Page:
Nov. 18 2015 11:45 AM

Barring Syrian resettlement not really about public safety

The horrific massacre in Paris last week has elicited the predictable response in the United States.

Gov. Rick Snyder on Sunday suspended efforts to bring Syrian refugees to Michigan. He was just the first. Recognizing political opportunity, Republican governors (and one Democrat), fell all over themselves proclaiming their state Syrian-refugee-free zones. Which governor — some of them presidential candidates — will be the first to call Japanese-style internment?

Snyder couched his closed-door proclamation, saying, “Michigan is a welcoming state and we are proud of our rich history of immigration. But our first priority is protecting the safety of our residents.” He wants the U.S. Department of Homeland Security to review its procedures for screening Syrian refugees. According to USA TODAY, the agency has helped resettle about 1,800 to 2,000 refugees in Michigan over the last year, about 200 from Syria. He clarified his position on Monday, saying that 20 Syrians recently approved for resettlement could come to Michigan. But aren't these poor souls vetted under the review he's questioning also a risk? And what about the 200 Syrians already here?


Snyder's “protecting the safety of our residents” rationale for slamming the door on Syrians might ring true if the goal of public safety was applied uniformly by the state's Republican power structure. But in this gun crazy state, where the Legislature is proposing to loosen restrictions on concealed weapons — it wants them in libraries, churches, colleges and taverns — immigrants aren't the problem. Guns are.

There were 535 murders in Michigan last year, most of them involving guns. It is among the top 10 states for homicides: 6.7 per 100,000, according to the Centers for Disease Control.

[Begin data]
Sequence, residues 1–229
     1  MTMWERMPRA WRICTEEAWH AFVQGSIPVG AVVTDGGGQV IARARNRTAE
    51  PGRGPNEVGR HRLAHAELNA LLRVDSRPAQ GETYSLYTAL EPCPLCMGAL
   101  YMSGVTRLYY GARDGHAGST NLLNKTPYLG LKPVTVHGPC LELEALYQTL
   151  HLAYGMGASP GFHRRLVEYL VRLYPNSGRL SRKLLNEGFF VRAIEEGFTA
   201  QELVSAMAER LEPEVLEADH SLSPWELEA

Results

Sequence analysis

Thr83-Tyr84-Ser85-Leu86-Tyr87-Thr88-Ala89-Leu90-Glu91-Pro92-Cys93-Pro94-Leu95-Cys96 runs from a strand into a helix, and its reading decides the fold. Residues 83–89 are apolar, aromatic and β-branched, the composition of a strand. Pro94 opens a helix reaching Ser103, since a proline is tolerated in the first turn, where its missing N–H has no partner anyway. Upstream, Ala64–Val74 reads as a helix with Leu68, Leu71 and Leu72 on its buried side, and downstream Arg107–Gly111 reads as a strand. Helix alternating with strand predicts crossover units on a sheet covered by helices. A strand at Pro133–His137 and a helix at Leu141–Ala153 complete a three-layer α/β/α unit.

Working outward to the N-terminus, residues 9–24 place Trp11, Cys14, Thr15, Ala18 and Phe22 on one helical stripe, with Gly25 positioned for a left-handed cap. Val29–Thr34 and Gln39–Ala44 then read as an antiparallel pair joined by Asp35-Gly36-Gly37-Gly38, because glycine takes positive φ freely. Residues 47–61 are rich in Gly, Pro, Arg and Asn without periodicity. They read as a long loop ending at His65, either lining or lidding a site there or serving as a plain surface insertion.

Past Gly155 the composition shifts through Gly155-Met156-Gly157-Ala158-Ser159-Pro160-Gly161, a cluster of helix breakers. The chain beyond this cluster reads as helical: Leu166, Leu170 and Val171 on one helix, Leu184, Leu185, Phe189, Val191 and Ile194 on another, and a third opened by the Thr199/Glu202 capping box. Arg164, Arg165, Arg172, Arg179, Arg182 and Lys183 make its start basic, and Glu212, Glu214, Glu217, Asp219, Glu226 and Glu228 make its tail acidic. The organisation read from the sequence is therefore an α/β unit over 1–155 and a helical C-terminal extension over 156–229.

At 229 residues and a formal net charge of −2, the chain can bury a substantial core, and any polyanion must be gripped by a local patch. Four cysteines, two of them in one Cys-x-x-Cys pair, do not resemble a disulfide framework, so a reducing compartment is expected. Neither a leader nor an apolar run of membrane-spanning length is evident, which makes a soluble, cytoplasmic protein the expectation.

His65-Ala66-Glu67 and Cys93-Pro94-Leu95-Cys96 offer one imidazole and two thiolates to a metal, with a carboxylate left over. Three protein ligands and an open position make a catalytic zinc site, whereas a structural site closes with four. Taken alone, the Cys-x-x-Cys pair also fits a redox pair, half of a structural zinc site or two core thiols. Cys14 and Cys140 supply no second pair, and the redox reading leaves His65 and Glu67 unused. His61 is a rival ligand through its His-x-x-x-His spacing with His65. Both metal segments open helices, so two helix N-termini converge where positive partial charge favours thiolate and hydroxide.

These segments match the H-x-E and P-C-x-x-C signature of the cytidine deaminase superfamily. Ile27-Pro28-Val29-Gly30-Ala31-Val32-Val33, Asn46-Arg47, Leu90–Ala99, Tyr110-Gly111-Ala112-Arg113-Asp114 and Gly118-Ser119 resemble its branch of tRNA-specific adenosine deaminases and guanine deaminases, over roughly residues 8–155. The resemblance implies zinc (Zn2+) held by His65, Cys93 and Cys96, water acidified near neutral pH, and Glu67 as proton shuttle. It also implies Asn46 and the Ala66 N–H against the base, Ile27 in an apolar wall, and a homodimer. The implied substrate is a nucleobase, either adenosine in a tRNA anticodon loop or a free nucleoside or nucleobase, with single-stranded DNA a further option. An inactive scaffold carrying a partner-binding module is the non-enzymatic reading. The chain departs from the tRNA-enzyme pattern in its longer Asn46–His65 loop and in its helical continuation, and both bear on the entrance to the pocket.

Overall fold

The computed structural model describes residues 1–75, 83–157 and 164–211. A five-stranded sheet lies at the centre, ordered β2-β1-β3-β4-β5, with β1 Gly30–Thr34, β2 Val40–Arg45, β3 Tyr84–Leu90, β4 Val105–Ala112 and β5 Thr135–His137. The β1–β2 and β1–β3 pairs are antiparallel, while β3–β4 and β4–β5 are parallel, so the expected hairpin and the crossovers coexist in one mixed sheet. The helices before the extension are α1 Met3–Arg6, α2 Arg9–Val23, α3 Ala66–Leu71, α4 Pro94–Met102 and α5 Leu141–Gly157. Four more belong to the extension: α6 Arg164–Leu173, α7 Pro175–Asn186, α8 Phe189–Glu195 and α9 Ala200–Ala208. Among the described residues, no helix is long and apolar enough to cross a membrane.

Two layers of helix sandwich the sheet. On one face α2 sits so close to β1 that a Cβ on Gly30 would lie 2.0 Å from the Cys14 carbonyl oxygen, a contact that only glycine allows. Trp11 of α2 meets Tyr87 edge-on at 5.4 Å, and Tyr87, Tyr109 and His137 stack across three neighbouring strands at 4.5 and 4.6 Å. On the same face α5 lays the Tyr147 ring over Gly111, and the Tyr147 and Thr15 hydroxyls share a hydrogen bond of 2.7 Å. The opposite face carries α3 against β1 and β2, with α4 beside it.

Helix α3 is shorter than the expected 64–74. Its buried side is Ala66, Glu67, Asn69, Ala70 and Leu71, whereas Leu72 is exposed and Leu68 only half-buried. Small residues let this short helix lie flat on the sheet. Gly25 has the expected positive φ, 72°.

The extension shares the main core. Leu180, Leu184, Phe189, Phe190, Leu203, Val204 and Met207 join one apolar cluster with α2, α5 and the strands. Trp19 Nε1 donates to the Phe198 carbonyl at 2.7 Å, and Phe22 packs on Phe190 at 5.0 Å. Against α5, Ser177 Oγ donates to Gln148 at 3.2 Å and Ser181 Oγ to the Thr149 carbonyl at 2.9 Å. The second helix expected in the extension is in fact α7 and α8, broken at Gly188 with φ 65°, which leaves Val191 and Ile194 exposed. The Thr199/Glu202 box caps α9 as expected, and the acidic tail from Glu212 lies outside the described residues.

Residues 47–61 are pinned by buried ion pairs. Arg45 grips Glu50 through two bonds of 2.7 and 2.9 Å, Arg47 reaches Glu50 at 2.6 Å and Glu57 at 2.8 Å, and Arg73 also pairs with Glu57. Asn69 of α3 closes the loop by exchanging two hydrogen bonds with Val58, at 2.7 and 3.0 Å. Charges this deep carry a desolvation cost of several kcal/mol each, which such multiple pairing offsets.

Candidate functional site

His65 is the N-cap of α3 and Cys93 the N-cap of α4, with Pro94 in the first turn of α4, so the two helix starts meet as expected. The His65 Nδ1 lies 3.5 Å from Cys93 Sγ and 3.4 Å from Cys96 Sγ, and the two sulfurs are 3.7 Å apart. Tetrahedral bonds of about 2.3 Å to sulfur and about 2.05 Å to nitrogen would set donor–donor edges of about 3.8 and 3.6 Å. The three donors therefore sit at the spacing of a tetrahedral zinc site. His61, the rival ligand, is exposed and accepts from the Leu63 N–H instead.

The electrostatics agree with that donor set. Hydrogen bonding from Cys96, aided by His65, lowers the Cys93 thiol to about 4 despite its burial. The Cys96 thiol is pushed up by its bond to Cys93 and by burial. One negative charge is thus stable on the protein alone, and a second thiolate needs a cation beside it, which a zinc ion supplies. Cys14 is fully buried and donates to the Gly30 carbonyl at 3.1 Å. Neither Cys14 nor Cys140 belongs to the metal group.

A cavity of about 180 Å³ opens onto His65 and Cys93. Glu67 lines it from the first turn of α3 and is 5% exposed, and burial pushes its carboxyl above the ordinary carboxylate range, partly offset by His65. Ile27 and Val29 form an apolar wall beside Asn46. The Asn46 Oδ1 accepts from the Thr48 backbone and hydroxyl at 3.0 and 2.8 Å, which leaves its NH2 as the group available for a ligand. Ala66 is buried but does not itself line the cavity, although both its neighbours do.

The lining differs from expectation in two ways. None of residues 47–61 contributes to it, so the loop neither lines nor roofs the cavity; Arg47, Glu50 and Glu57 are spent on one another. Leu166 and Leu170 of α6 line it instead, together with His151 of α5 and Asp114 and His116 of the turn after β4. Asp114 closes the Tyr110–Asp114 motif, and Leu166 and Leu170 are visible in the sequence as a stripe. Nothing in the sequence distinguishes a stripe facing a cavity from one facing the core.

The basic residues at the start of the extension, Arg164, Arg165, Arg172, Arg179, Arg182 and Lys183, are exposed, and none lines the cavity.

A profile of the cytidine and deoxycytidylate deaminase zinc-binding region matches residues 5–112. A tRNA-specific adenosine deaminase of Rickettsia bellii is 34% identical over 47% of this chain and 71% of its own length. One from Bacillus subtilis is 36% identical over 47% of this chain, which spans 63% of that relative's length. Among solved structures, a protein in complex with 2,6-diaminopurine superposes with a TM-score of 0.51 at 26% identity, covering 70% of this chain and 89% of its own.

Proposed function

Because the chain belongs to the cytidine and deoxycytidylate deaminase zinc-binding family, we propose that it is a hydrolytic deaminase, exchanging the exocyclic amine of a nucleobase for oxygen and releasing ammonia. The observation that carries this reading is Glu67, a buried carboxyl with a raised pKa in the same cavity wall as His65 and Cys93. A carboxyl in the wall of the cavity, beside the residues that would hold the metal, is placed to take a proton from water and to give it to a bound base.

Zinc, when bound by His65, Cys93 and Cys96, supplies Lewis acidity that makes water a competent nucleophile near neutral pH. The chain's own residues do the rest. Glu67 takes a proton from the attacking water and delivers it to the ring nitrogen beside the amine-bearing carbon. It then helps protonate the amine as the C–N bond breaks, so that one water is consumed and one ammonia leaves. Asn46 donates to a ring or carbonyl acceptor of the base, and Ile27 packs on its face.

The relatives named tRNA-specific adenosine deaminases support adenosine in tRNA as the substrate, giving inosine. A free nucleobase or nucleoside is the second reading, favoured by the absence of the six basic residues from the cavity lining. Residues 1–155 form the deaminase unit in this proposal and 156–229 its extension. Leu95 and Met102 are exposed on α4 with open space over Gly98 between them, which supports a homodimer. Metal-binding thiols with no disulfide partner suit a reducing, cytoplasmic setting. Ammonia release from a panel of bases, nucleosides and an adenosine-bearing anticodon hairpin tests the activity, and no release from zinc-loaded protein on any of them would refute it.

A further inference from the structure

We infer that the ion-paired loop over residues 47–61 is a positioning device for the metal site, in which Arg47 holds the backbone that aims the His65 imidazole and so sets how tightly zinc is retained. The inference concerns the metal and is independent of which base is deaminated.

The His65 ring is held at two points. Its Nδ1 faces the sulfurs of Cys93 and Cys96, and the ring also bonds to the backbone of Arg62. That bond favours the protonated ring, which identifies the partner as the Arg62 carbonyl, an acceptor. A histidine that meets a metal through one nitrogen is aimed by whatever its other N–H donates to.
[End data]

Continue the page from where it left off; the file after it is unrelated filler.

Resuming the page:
There are no easy answers to the refugee crisis, but is stranding victims of war and oppression in overcrowded camps the answer? And can any screening policy really guarantee safety against fanatics on a suicide mission?

Snyder may consider Michigan a “welcoming state,” and it sure needs to be. Population growth is flat. Immigrants are a way to replenish failing cities like Detroit and Flint, with people showing the energy and drive to leave their homeland and settle in a new and different nation.

But there is a definite xenophobic streak at play in Michigan, notably a proposed law that would cripple the welcome extended by the state's sanctuary cities: Detroit and Ann Arbor.

There are more than 200 sanctuary cities in the U.S., a movement with roots in the 1980s efforts by churches to offer assistance to Central Americans’ fleeing violence and warfare in their native countries. Sanctuary cities like Detroit and Ann Arbor believe that they improve public safety by working with immigrant communities — legal and illegal.

What Republican legislators want is a law that requires stricter police actions against illegal immigrants. The bill is pending in the Judiciary Committee, chaired by Grand Ledge Republican Rick Jones. Titled the “Sanctuary Policy Prohibition Act,” it has four notable provisions.

It would prohibit local governments from enacting or enforcing laws limiting cooperation with federal officials about a person's immigration status. It would require public bodies to notify its police and other employees of this requirement.

Peace officers who believe they have probable that someone they arrest is in the country illegally would be required to report that person to the U.S. Immigration and Customs Enforcement office.

And finally, the bill requires the state to withhold revenue sharing payments for each year or portion of a year that a local government fails to comply with the act.

The measure comes with reporting requirements to the Legislature and to ICE that the Senate Fiscal Agency said would increase the costs to cities, villages, townships, and counties by a small but indeterminate amount and could reduce state revenue sharing payments to some local governments. The measure also would increase the administrative costs of the Michigan Legislature and the Treasury Department by a minimal amount.

It noted that there are 171,800 local government employees in the state, not counting those in education. All would require notification.

How serious is the illegal immigrant problem in Michigan? No one really knows.

While acknowledging that much of the criticism of illegal immigrants is anecdotal, Jones stressed that the country must regulate its borders. He said that he has had complaints from young people who said illegal immigrants were taking their jobs, and remarkably expressed sympathy for union carpenters union who claim unfair competition from illegal immigrants. Generally, Jones is not perceived as a staunch union supporter.

There are some easy points to score by talking tough about threats from Syrian refugees and illegal immigrants. Unfortunately, though predictably, they skirt the real problems and do little to make America safer or more economically secure.

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